We settled into the hotel and got ready to meet with Hunter the next morning. Morning came quickly, and soon, we were at the Great Lakes Naval Station where we waitttttttttttttted for him to finally arrive. Strolling up, he joined us to head out to Chicago to see the sights. First stop, the Navy Pier where we parked in a garage, noted where we were, and set off to explore the area. A sandwich for the starving sailor was one of the first tops. Next we wandered around the pier looking at the activities that abounded. Since we had tickets to a Cubs game at 1:20, we headed back to our car, where we wandered around a bit looking for our car. We tried using the plate reader that helps you locate the care, but no such luck.  We tried several options to find the car before we finally found it, right where we left it! Next stop, the game.  The Chicago Cubs versus the Pittsburg Pirates at Wrigley Stadium, which was built in 1913! Arriving to the parking lot on-time, we hopped on a little yellow shuttle bus and headed to the stadium. The game was entertaining from the start to the video replay end. The energy and enthusiasm of the spectators got us into the spirit of the game and the last minute comeback of the Cubs kept us on our feet and our voices rose in excitement. The Cubs in the last inning went from being down 6-4, to winning 7-6 on a questionable call that saw the hitter safe at 1st base.  Next stop: Millennial Park where we parked, took a picture of our parking spot, memorized our car plate to use the plate reader, and then set off to find the “Bean”, an artwork made out of metal that we did not think it would be interesting, but instead entertained and interested us. We, like the other thousands of tourists, took a variety of selfies and pictures with the “Bean” as the backdrop.  Next stop was dinner at a local pizza shop recommended to us by a group of cops in the park. Soon it was already 8 pm and we knew we had to leave to get back to the car to get Hunter back to base at 10 pm. We walked, and walked, and walked, and walked and could not find our car. We went up and down, asked a few people and could not find where we parked. Finally, in desperation, Kathy asked some random strangers on the street for help, where they promptly told us they were just visiting Chicago.  They did suggest that we ask the hotel clerk. Coming in, we explained we were hopelessly lost, and told her that we were by a “dance” theatre. She directed us to go out, cross the street, turn right, and then we should be there. We were quite skeptical, but to her credit we found the subterranean garage, found the car, got on the road and managed to get Hunter back to base only one minute late. (They didn’t court martial him). As we wandered the streets of Chicago for one hour, up and down several street levels, put ~~6000 steps on our pedometers, when we realized that the city of Chicago was  like a 3D map.  Our best laid plans did not account for multiple street levels that were everywhere in downtown Chicago.  We probably walked over our car multiple times, but on the wrong level of Earth!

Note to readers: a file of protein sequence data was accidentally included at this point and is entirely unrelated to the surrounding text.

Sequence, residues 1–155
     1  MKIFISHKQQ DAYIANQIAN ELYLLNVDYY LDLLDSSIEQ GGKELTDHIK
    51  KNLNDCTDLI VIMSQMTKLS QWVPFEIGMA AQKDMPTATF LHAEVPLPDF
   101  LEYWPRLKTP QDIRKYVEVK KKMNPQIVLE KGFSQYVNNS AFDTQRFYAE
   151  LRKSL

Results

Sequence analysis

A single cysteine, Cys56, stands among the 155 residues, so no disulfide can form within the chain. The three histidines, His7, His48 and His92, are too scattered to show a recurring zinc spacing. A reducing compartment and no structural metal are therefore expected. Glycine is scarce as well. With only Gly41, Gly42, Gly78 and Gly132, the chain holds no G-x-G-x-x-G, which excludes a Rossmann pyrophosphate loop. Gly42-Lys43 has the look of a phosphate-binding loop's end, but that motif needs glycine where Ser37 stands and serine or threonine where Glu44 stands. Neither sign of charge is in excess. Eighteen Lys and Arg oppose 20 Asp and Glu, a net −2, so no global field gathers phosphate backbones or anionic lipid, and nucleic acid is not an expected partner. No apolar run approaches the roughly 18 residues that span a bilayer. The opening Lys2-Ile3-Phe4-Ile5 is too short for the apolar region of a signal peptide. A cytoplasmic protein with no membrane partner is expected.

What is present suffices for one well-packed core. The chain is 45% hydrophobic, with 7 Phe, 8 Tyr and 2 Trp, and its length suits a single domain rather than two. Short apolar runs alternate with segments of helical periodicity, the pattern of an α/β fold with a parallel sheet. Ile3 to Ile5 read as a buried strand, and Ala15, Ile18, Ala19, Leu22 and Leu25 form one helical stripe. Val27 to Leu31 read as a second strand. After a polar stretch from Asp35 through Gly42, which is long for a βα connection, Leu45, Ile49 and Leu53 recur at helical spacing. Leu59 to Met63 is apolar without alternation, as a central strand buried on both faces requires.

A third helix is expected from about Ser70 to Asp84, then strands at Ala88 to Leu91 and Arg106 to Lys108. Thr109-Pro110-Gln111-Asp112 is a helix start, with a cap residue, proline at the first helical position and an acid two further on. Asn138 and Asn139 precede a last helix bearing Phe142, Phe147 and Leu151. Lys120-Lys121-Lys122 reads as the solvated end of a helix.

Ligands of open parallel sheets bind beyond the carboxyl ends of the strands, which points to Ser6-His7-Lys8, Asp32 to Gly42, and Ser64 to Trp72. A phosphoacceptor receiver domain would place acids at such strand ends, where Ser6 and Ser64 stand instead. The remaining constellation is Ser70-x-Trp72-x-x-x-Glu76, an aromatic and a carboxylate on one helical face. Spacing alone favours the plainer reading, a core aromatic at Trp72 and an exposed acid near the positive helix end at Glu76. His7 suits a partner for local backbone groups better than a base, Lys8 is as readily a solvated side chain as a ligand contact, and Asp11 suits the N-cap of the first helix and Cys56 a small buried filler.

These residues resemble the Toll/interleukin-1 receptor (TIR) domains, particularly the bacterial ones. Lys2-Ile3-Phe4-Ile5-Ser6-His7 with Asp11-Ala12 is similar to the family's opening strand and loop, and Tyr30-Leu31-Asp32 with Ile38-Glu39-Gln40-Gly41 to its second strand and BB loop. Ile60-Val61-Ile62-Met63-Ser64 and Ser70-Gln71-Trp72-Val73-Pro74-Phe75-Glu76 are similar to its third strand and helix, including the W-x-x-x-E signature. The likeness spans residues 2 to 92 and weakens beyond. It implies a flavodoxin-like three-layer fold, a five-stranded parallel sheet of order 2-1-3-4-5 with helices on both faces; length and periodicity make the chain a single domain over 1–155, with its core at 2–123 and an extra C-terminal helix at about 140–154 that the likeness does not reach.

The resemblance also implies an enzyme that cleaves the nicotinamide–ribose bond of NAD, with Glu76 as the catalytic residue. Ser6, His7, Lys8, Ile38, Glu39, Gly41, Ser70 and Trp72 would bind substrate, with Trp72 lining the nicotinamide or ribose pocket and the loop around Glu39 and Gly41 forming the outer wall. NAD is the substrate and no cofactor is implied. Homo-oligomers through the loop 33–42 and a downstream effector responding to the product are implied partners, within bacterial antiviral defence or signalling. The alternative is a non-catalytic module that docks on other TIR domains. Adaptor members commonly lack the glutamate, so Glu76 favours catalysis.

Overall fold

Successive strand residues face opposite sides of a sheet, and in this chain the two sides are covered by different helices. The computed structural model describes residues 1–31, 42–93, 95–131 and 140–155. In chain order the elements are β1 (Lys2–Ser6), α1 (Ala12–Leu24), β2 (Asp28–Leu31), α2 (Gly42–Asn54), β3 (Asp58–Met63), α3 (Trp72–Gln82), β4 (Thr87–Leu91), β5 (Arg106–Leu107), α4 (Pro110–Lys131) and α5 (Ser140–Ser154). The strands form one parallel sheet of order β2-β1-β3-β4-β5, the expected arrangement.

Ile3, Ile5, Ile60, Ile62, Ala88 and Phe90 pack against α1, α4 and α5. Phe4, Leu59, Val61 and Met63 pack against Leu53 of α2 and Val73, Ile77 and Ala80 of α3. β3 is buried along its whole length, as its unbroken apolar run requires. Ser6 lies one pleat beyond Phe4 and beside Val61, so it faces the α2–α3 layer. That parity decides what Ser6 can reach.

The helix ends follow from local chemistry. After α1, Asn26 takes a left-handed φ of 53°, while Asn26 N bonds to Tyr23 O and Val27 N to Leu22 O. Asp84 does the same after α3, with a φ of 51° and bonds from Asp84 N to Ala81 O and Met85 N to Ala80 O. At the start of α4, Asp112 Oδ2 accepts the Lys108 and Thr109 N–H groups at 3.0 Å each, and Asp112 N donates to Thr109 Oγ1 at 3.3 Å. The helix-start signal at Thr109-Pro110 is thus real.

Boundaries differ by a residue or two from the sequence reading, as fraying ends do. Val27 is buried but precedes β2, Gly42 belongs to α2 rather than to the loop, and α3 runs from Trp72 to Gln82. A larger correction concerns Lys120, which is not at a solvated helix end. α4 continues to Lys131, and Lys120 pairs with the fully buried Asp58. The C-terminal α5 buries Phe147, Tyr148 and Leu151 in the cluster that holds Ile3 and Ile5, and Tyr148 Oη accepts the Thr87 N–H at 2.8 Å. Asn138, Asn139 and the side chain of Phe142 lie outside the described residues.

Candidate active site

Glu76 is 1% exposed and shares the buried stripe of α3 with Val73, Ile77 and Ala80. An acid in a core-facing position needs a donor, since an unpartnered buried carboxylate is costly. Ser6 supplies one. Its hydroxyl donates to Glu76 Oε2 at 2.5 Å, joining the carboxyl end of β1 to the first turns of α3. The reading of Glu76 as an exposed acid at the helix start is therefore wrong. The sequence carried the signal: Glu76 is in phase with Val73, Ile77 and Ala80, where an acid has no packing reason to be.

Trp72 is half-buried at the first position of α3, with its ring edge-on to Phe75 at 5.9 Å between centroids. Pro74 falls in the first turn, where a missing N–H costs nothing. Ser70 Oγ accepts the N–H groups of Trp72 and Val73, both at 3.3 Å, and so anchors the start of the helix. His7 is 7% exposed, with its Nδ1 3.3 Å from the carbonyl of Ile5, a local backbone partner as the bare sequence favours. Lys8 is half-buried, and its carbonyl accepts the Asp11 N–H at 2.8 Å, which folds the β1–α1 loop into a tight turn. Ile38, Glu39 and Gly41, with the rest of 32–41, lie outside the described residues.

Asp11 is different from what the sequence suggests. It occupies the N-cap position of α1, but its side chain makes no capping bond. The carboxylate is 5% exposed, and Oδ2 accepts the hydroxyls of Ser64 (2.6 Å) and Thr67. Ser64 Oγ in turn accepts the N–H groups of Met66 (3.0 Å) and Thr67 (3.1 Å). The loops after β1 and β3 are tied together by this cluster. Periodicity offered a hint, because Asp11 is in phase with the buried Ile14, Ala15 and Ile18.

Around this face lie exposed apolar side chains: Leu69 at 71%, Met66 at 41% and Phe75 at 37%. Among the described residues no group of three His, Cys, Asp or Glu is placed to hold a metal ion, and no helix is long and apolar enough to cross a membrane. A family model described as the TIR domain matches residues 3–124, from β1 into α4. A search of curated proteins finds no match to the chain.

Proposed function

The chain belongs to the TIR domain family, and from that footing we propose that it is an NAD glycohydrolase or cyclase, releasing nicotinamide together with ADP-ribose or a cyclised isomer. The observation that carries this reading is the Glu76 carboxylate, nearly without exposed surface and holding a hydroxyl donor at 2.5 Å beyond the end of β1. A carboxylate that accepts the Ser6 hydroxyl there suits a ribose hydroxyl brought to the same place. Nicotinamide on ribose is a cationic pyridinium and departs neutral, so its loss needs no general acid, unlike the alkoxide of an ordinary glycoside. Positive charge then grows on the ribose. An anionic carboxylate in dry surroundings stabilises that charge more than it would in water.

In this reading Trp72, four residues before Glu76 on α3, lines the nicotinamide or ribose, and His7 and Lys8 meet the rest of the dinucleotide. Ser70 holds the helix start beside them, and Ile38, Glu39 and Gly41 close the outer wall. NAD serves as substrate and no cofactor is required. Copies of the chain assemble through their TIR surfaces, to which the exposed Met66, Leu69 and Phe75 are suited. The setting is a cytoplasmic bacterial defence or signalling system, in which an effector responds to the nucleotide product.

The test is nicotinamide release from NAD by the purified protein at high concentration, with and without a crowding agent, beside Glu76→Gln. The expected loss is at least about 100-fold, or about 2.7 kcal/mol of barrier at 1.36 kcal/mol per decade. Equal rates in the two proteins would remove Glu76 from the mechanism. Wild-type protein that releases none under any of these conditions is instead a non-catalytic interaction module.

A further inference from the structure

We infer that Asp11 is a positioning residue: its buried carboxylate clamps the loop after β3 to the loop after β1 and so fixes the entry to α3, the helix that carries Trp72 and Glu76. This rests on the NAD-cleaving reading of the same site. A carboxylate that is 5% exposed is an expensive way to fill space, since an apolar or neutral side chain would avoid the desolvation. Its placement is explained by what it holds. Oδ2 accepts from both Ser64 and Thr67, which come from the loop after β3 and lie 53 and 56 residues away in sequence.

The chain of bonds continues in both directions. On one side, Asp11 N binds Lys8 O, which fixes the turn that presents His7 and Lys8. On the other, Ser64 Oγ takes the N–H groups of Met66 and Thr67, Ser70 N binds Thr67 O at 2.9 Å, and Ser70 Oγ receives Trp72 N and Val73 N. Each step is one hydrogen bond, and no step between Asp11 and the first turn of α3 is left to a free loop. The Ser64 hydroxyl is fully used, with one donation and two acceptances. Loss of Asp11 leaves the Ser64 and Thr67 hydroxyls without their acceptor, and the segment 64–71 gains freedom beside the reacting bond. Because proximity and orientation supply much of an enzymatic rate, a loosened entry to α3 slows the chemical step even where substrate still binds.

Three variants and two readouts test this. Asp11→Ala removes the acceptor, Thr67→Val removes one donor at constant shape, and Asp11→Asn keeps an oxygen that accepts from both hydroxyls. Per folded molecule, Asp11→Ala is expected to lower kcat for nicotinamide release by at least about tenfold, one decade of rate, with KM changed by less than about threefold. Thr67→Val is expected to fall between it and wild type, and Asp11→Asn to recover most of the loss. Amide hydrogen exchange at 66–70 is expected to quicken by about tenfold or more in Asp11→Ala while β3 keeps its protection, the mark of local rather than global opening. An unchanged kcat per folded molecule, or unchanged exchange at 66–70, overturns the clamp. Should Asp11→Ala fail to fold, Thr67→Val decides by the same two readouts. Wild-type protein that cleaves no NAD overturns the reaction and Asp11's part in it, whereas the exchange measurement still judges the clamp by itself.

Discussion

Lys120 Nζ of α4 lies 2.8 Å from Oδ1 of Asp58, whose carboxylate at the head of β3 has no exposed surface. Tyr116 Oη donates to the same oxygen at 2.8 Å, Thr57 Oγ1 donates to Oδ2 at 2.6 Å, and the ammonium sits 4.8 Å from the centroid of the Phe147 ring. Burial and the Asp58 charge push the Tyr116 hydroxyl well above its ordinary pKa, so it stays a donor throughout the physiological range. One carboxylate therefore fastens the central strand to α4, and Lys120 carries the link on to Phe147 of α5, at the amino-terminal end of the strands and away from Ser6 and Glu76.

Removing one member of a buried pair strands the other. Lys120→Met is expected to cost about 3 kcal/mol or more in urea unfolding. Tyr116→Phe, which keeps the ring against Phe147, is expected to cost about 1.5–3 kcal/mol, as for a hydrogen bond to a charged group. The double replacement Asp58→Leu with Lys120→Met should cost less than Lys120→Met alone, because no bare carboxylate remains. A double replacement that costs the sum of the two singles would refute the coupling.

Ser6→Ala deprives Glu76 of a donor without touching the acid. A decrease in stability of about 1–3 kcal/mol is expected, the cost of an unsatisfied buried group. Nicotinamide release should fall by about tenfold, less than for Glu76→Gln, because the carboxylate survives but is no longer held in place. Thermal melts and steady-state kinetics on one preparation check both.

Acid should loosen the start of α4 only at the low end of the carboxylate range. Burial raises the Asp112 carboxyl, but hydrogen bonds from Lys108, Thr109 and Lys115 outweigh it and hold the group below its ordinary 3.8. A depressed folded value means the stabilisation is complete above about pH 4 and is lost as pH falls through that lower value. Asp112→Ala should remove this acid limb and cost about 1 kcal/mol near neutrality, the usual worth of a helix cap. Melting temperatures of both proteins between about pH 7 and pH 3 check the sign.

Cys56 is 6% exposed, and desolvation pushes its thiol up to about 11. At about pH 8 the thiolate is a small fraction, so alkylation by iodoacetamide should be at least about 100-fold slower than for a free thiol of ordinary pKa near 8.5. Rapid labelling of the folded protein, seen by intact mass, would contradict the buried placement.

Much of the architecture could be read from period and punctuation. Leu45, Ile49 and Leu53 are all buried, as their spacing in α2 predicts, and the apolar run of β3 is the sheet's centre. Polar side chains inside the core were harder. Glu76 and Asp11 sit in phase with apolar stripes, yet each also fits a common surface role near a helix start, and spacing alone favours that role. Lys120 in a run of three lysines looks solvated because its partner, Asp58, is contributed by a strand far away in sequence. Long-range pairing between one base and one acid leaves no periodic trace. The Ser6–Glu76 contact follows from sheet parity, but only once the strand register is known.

Sunday dawned bright and early. After church, we headed out to pick up Hunter where we again waittttttted for him to saunter up to start the next day.  First stop was the Willis Tower or, for us old-timers, the Sears Tower, which was again in the heart of Chicago. This time we were prepared, we took a picture of where we were at, texted the address of the parking garage to ourselves, and then took a picture of the outside of the garage.  We were not going to make the same mistake again. We planned. What we didn’t plan for was it was a holiday weekend and there were no tickets available for Sears Tower. We did, though, find our car the first time.  Next stop was the Chicago Aquarium where we managed to avoid getting towed and parked during the “cheap” time of the day.  Heading over to the aquarium, there was another sign that informed us that they were sold out. Checking on-line Kathy saw that some tickets were available between for an access time of 4 pm. Asking the gate attendants about that, we were told to purchase tickets online and we should be able get into the aquarium.  Apparently,  it was only sold out for those trying to buy tickets at the aquarium.  The visit was fun. We saw a variety of fish, reptiles, and even a few beluga whales. At one point, Hunter and Dave, randomly upon seeing a yellow submarine, broke out into song, “We all live in a yellow submarine, a yellow submarine, a yellow submarine. “  It is a bit of weirdness on how grandfather and grandson think alike to break out in song at the same exact moment with the same exact song.  Soon it was time to head out. We found our car on the first try!!!  (It is much easier when it is not in a garage, but instead in an open-air lot!) Next stop was dinner, which was Greek food, and then back to the base. While we only had a short four days, we packed a lot into that short time. Most importantly, we saw our grandson whom we love very much. Thank you, Hunter, for serving!!!  We are very proud of him and his service to our country.  Tomorrow we start the journey home.  (Our next few trips are already planned)